Never Lonely With Siblings
“My house is so quiet compared to yours,” a neighbor girl said to me on a visit to my childhood home when we were in grade school. She didn’t quite know what to make of it all – the noisy brothers, the dog howling as the baby cried in the playpen or the constant slamming of the screen door. Funny, I didn’t notice a thing out of the ordinary.
My friend found our home a welcome respite from the silence she experienced being an only child. She enjoyed the mayhem at my house while I couldn’t wait to spend an overnight at hers. She didn’t have to share anything with anyone other than her parents. Her bedroom had only one bed – with a canopy yet. It was fit for a princess.
She loved sitting on our front porch steps among my assorted younger siblings while we ate twin pops and rinsed away the stickiness with the garden hose. I think she enjoyed her time with us because we always made room for one more at the crowded dinner table.
I grew up with two, sometimes three beds in one bedroom that was shared with various siblings. There were bunk beds in other rooms, single beds and a crib in another. Only our parents and the oldest two siblings had their own rooms. We all shared two bathrooms where the mirrors were always steamed over.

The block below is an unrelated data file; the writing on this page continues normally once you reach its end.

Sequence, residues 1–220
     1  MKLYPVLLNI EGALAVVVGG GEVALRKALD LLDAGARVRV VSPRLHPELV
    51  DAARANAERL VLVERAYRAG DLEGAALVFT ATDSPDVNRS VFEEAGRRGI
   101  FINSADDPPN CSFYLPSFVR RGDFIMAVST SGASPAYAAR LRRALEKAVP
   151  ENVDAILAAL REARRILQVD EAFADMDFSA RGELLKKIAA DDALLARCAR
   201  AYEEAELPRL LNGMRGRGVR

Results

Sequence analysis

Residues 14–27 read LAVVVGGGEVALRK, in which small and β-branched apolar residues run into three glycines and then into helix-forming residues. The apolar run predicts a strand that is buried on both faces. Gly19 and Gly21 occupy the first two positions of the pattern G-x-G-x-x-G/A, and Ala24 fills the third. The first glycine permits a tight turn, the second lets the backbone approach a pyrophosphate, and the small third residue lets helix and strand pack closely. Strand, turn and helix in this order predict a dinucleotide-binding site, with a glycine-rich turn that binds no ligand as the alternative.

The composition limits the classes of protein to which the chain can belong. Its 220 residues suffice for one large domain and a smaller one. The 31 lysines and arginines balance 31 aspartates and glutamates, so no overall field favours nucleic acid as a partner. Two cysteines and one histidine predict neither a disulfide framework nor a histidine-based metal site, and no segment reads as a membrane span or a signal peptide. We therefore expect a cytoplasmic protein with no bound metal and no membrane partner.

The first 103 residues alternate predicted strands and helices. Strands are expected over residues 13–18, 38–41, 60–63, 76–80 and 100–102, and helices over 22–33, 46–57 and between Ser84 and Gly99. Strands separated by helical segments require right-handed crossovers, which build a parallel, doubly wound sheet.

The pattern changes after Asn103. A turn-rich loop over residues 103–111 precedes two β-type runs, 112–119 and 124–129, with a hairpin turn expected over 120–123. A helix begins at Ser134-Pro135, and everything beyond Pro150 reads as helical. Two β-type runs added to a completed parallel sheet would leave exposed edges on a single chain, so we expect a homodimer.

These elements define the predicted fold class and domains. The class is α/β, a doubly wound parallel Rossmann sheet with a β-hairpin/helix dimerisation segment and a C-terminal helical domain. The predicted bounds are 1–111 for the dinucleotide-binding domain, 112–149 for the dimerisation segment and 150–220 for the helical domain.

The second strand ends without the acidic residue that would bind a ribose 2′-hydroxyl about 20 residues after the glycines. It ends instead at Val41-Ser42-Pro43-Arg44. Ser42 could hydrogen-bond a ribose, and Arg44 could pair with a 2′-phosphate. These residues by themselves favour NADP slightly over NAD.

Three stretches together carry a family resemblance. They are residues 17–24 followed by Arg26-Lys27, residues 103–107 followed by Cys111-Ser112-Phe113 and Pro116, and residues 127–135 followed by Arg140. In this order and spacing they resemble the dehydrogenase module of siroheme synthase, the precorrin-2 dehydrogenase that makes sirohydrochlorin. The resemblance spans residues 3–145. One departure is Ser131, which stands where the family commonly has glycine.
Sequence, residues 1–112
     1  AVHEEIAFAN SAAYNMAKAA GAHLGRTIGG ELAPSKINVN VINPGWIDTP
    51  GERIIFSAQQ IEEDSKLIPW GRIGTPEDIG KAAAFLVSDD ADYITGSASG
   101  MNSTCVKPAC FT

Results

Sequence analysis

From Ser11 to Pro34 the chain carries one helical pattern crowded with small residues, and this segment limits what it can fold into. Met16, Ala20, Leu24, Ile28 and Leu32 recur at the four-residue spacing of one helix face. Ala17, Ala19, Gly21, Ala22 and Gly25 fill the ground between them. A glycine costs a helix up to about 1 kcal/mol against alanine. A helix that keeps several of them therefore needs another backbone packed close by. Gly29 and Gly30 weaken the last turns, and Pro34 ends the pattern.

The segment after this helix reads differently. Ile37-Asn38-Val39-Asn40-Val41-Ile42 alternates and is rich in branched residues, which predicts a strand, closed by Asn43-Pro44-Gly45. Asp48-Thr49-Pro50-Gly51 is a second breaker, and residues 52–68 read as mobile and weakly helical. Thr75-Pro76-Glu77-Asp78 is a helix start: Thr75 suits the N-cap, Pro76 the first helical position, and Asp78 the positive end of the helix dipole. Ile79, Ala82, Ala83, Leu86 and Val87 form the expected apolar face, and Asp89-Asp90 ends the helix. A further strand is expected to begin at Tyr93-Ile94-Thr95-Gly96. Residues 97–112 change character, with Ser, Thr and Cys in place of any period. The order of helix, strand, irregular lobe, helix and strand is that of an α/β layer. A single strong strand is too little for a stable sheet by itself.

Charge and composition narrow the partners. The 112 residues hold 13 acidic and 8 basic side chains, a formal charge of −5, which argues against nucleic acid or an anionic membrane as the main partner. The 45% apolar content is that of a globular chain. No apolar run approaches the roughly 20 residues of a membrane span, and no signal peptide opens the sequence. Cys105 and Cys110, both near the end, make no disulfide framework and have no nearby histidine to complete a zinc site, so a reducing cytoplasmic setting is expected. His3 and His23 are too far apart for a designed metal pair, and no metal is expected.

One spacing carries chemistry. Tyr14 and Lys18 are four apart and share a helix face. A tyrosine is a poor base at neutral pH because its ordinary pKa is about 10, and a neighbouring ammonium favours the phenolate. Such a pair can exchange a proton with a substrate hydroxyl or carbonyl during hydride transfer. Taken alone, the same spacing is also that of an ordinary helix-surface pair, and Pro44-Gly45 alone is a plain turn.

My friend’s dining room had fancy, upholstered chairs unlike the wooden benches and picnic tables that served as my family’s dinner table. And when she sat down to a meal, she didn’t have to fight for the last piece of bread and butter. There were even second helpings offered at her table.
As curious as my upbringing was to my friend, hers was even more fascinating to me. It was only when we were older that I realized how blessed I am to have so many siblings.
When you have brothers and sisters you never have to look far for a best friend or a shoulder to cry on. And when one is in need, we all are there.
At the newspaper, I worked with a surprising number of people who were only children.
They could only look at me with that puzzled look on their faces when I shared stories of my childhood. I started recounting my only-child coworkers – Mike, Linda, Casey, Joselyn, Ian … the list kept growing over the years. I have learned from each of them, as they are unique and interesting.
I loved hearing their stories of growing up with cousins and extended families and I often shared my memories of chaotic Christmases and the birthday candles that rarely grew cold.
I could not imagine not having a big sister to scare away imaginary monsters under the bed or brothers who kept bullies at bay on our walk home from school.
During this pandemic, I sometimes feel like we are all children waiting at the front door for someone to come over and play. It’s been lonely and trying for many of us yearning to put arms around one another. But I know that with vaccines on the horizon, there will be hugs all around in our future. Family or not, be prepared.
Heather Ziegler can be reached via email at firstname.lastname@example.org.